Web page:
MRS. EMBURY, the wife of Mr. Daniel Embury, a gentleman of wealth and distinguished by his intellectual and social qualities, a resident of Brooklyn, New York, is the daughter of James R. Manly, for a long while an eminent New York physician. She early became known to the public as a writer of verses in the columns of the New York Mirror and other journals under the signature of "Ianthe." In the year 1828 a volume from her pen was published, Guido, and Other Poems, by Ianthe. This was followed by a volume on Female Education, and a long series of tales and sketches in the magazines of the day, which were received with favor for the felicitous sentiment and ease in composition. Constance Latimer is one of these, which has given title to a collection of the stories, The Blind Girl and Other Tales. Her Pictures of Early Life, Glimpses of Home Life or Causes and Consequences, are similar volumes. In 1845 she contributed the letter-press, both prose and verse, to an illustrated volume in quarto, Nature's Gems, or American Wild Flowers. She has also written a volume of poems, Love's Token-Flowers, in which these symbols of sentiment are gracefully interpreted. In 1848 appeared her volume, The Waldorf Family, or Grandfather's Legends, in which the romantic lore of Brittany is presented to the young.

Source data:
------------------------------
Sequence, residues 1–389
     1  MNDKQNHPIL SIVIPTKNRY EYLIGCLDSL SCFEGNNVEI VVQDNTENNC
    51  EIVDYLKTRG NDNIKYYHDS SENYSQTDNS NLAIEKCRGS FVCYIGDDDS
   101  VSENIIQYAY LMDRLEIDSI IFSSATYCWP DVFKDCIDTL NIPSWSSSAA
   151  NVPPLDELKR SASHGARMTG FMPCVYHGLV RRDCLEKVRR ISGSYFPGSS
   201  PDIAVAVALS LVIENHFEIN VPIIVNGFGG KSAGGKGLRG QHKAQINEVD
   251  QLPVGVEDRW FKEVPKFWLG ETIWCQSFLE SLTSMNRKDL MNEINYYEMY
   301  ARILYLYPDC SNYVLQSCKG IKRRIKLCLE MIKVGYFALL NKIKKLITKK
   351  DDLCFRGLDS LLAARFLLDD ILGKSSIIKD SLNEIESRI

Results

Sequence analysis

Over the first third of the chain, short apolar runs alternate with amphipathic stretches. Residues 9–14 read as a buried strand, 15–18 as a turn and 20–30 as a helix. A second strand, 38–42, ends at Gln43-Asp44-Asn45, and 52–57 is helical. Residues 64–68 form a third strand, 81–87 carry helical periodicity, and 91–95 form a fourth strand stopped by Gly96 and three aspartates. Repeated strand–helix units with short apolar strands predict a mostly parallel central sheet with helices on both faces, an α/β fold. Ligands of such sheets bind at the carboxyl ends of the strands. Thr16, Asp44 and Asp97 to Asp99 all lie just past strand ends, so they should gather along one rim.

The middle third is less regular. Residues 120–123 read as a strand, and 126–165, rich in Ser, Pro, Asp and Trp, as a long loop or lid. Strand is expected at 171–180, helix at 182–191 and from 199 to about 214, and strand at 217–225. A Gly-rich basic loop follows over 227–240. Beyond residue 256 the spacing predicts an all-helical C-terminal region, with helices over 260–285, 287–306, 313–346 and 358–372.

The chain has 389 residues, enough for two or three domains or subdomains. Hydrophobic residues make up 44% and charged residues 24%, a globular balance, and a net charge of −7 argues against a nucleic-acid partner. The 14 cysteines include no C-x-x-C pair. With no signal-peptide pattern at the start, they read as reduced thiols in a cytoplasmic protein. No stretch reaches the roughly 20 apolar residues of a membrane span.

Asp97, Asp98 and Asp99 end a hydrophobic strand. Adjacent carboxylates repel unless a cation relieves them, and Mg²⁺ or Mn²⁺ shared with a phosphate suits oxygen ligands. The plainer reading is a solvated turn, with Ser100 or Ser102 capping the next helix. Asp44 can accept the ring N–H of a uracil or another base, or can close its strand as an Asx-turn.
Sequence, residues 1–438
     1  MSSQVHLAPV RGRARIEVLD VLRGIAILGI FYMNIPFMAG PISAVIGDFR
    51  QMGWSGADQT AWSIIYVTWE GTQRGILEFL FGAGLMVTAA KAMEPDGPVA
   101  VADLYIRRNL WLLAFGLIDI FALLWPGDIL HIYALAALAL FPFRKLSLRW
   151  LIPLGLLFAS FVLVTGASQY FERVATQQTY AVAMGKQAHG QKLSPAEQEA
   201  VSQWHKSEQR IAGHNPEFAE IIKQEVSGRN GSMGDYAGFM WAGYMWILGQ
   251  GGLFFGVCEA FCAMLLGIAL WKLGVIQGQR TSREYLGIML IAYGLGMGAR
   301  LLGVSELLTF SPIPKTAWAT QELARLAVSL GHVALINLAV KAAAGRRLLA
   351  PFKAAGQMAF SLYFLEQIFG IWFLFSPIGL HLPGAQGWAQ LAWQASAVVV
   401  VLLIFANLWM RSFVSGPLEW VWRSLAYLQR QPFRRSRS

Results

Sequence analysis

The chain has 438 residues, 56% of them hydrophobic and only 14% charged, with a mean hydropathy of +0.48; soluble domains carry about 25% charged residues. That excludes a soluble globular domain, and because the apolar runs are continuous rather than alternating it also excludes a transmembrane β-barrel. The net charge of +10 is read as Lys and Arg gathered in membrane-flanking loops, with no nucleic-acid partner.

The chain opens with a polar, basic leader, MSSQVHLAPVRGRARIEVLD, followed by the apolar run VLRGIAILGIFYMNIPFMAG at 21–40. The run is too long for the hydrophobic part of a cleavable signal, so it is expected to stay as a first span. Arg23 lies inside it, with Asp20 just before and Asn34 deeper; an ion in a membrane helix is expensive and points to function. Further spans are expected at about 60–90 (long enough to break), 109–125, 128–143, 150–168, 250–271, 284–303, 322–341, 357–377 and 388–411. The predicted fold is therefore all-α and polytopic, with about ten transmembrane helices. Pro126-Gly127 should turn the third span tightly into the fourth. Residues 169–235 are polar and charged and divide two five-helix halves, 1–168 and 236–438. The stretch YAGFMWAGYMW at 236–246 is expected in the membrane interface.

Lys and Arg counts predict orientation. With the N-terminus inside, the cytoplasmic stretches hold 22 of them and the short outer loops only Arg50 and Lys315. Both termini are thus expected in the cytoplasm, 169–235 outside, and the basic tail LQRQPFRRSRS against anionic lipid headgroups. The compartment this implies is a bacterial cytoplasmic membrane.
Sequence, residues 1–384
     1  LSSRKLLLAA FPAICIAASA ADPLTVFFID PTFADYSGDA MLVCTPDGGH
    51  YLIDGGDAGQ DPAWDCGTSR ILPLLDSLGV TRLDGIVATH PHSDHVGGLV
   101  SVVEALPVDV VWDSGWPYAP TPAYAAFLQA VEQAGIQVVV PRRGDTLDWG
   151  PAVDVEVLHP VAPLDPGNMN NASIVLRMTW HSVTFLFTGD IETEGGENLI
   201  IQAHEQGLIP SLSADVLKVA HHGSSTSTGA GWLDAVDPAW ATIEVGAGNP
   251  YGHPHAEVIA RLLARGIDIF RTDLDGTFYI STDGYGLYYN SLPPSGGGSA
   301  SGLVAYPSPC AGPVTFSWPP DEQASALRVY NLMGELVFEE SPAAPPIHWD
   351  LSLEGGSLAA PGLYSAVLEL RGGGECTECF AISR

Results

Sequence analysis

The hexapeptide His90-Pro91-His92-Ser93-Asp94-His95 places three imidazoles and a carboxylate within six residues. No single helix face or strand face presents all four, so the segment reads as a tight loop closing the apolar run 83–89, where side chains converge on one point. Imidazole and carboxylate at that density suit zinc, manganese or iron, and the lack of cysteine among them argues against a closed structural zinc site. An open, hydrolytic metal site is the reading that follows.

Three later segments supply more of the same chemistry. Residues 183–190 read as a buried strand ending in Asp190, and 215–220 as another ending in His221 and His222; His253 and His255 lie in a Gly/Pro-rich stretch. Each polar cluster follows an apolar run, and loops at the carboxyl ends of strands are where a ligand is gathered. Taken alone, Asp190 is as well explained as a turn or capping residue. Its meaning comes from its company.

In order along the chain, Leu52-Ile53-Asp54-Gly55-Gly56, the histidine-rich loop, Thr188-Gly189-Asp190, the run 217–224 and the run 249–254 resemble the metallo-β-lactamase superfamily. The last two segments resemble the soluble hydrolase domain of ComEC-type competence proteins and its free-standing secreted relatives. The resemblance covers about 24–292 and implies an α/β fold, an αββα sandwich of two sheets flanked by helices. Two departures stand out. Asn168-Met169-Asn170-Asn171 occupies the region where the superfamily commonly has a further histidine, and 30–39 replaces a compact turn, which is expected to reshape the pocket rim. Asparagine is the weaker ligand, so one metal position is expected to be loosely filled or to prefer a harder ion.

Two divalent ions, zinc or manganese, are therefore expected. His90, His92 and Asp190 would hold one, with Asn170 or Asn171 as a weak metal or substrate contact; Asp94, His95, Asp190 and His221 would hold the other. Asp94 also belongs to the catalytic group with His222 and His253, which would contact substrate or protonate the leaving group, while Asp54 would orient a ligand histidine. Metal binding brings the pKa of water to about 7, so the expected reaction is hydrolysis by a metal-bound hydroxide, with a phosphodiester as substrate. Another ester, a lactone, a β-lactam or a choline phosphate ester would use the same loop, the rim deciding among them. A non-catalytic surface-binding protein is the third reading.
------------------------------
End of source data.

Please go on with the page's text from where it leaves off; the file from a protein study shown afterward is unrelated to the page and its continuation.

These writings, which exhibit good sense and healthy natural feeling, though numerous, are to be taken rather as illustrations of domestic life and retired sentiment than as the occupation of a professed literary career.
Of her poetry, her songs breathe an air of nature, with much sweetness.
Mrs. Embury died at Brooklyn, Feb. 10, 1863. A volume of her Poems was published in 1869.